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It is a ruinous misjudgment—too contemptible to be asserted, but not too contemptible to be acted upon, that the end of poetry is publication. Its true end is to help first the man who makes it along the path to the truth: help for other people may or may not be in it; that, if it become a question at all, must be an after one. To the man who has it, the gift is invaluable; and, in proportion as it helps him to be a better man, it is of value to the whole world; but it may, in itself, be so nearly worthless, that the publishing of it would be more for harm than good. Ask any one who has had to perform the unenviable duty of editor to a magazine: he will corroborate what I say—that the quantity of verse good enough to be its own reward, but without the smallest claim to be uttered to the world, is enormous.

Sir Gibbie

Note: replace poet with musician, songwriter, painter etc for a broader application.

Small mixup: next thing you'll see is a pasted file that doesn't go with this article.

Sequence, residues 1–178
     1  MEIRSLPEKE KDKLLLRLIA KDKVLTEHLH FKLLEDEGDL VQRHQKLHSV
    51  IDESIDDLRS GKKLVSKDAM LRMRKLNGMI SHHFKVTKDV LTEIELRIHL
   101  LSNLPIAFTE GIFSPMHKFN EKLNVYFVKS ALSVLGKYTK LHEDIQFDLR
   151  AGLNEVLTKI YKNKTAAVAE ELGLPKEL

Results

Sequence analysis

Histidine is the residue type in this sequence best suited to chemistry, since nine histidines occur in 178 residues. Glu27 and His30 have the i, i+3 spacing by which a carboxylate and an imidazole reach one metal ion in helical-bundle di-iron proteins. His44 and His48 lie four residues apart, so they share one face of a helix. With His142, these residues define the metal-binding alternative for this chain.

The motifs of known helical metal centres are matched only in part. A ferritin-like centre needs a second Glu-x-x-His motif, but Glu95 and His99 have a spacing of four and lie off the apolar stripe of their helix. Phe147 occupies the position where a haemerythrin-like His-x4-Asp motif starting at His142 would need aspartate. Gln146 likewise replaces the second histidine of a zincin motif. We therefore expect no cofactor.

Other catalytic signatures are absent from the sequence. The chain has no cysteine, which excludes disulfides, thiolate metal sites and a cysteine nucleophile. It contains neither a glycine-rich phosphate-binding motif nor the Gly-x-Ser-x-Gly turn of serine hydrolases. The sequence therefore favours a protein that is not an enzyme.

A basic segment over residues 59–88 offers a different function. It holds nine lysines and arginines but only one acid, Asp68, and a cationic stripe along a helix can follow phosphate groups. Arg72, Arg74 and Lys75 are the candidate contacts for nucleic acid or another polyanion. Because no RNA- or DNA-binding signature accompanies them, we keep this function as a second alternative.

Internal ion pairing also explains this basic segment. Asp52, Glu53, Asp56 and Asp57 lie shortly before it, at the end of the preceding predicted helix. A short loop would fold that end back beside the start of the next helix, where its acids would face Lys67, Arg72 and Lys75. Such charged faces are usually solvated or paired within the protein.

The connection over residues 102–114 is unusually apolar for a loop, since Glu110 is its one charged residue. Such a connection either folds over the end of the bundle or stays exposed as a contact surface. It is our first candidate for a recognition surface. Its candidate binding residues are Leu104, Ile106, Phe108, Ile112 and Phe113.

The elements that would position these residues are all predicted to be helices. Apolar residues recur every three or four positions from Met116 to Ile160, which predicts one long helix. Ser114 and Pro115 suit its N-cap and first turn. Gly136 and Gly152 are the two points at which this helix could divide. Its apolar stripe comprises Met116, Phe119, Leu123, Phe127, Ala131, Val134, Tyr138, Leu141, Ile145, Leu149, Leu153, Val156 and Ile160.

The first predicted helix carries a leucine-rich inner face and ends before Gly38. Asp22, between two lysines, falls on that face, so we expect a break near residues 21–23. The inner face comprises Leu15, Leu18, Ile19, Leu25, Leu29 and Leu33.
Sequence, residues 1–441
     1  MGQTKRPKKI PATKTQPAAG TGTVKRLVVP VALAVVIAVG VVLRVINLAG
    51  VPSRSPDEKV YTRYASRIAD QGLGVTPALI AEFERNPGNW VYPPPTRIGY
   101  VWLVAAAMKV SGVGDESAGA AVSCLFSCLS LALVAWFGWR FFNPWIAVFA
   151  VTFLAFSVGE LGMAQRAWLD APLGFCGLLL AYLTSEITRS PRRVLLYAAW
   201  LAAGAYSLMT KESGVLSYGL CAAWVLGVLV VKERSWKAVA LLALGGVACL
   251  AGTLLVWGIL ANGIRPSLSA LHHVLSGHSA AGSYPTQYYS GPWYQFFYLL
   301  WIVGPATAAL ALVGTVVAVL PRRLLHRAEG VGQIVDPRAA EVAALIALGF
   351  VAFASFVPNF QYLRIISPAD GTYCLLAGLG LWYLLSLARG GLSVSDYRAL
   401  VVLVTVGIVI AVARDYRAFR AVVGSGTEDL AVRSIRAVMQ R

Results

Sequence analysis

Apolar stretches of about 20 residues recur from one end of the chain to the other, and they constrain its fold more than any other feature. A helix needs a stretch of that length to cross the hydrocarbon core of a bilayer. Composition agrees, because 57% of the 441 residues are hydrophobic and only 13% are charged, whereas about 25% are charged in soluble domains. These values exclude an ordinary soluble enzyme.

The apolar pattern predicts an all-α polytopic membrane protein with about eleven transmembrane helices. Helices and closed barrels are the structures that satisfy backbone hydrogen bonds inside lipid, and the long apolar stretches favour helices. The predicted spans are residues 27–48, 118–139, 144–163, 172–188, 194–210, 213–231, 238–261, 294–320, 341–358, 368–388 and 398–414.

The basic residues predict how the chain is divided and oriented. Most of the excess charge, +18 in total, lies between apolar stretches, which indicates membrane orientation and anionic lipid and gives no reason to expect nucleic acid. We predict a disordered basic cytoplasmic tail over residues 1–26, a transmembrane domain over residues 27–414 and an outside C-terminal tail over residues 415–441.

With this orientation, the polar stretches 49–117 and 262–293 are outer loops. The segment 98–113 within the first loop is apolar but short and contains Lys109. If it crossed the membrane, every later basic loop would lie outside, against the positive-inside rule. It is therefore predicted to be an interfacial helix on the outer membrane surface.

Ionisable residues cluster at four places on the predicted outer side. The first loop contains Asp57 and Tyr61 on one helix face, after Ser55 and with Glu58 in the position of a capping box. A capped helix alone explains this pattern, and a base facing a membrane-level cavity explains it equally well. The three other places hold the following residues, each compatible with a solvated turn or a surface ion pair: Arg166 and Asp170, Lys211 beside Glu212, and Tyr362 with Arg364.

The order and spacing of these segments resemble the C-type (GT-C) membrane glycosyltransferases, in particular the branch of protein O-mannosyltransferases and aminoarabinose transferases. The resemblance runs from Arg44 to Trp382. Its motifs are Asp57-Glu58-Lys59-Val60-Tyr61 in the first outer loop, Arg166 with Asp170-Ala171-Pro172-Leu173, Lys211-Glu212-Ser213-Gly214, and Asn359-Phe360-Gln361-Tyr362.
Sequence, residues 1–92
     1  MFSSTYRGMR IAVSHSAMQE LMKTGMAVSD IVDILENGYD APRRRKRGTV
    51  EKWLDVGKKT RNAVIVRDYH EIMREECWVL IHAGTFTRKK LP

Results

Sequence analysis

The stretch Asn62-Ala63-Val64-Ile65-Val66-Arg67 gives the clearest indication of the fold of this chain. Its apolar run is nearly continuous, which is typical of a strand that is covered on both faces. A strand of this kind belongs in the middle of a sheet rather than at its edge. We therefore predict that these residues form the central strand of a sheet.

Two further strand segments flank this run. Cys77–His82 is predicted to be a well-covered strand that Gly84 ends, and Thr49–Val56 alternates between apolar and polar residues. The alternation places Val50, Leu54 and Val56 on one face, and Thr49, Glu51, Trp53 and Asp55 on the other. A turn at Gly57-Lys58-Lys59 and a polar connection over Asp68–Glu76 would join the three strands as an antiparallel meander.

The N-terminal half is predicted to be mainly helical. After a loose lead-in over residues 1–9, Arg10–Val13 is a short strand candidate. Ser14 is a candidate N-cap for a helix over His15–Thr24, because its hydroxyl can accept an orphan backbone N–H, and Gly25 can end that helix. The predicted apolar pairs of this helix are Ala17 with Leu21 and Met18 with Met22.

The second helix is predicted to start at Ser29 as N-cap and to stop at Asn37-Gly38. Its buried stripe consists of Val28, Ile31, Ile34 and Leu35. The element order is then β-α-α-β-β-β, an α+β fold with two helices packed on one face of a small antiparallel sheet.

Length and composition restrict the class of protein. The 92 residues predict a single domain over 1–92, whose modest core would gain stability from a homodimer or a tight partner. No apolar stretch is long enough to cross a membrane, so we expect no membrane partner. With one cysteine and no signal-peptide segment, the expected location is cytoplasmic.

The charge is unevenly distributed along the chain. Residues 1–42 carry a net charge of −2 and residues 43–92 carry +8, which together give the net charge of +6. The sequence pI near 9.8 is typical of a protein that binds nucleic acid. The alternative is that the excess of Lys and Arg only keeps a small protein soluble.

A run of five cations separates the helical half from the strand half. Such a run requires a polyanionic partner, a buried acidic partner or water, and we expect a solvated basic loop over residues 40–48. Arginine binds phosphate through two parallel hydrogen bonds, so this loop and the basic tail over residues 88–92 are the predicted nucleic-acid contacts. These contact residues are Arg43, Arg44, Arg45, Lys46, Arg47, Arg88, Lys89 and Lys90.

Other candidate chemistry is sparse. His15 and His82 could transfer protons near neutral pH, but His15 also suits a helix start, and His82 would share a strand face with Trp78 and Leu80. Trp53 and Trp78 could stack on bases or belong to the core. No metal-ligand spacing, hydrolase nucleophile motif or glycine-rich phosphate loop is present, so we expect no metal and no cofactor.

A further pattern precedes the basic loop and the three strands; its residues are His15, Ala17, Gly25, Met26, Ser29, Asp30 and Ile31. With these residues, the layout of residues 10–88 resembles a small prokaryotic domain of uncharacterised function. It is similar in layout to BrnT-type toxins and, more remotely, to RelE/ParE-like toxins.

To have what we want is riches,

Tuesday, January 8th, 2013
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but to be able to do without is power.


He was a poet—

Tuesday, January 8th, 2013
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but one of the few without any weak longing after listening ears. The poet whose poetry needs an audience, can be but little of a poet; neither can the poetry that is of no good to the man himself, be of much good to anybody else. There are the song-poets and the life-poets, or rather the God-poems. Sympathy is lovely and dear—chiefly when it comes unsought; but the fame after which so many would-be, yea, so many real poets sigh, is poorest froth. Donal could sing his songs like the birds, content with the blue heaven or the sheep for an audience—or any passing angel that cared to listen. On the hill-sides he would sing them aloud, but it was of the merest natural necessity. A look of estrangement on the face of a friend, a look of suffering on that of any animal, would at once and sorely affect him, but not a disparaging expression on the face of a comparative stranger, were she the loveliest woman he had ever seen. He was little troubled about the world, because little troubled about himself.